Additionally, in 2018, HRN published the “Discrimination in the Punishment of Women Report.” The report summarizes the discriminatory punishment practices against women in eight different countries and makes recommendations to public authorities on how to end human rights abuses. The full report as well as a summary can be found below.

Current Situation in Japan

In Japan, many women are also suffering from severe violence and exploitation. According to statistics released by the Cabinet Office, “One in three women have been abused by a partner.” Domestic violence (DV) and stalking are becoming more severe in Japan, causing great suffering for women.

In 2011 and 2012, many young women were killed by perpetrators of domestic violence/stalkers. HRN proposed an effective revision of the “Act on the Prevention of Spousal Violence and the Protection of Victims”. In addition, we conducted a campaign in collaboration with UN Women and influenced the third domestic violence prevention law revision.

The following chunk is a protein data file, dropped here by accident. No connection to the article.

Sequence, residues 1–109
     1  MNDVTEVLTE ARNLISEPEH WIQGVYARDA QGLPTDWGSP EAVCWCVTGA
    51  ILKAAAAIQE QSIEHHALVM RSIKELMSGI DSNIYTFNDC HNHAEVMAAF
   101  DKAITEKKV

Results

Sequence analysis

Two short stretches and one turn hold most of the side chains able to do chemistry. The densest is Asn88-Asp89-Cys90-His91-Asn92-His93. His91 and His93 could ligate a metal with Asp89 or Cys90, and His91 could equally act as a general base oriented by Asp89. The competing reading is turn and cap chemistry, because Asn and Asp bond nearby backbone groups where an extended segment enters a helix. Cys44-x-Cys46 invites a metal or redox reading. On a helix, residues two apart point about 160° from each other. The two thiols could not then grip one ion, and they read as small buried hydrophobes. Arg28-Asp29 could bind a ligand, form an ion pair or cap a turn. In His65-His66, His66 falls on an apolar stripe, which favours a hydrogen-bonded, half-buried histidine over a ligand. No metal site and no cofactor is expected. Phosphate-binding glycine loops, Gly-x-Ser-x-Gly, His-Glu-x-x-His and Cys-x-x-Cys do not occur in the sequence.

Regarding the Great East Japan Earthquake and the Fukushima nuclear disaster, HRN has made various policy proposals and contributed policies from the perspective of women’s rights and needs, which are particularly vulnerable.

Since 2016, HRN has focused on human rights violations against young women when they are forced to appear in pornographic videos. In Japan, the number of victims who are forced to appear in videos under the threat of a penalty is increasing. The act of forcing women to appear in a pornographic video against their will, as well as selling said the video semi-permanently, exposes private sexual acts to the public eye without the woman’s consent. This is a serious human rights violation, akin to human trafficking and debt servitude. In response to this, HRN has published the “Ending Forced Appearances in Pornographic Films.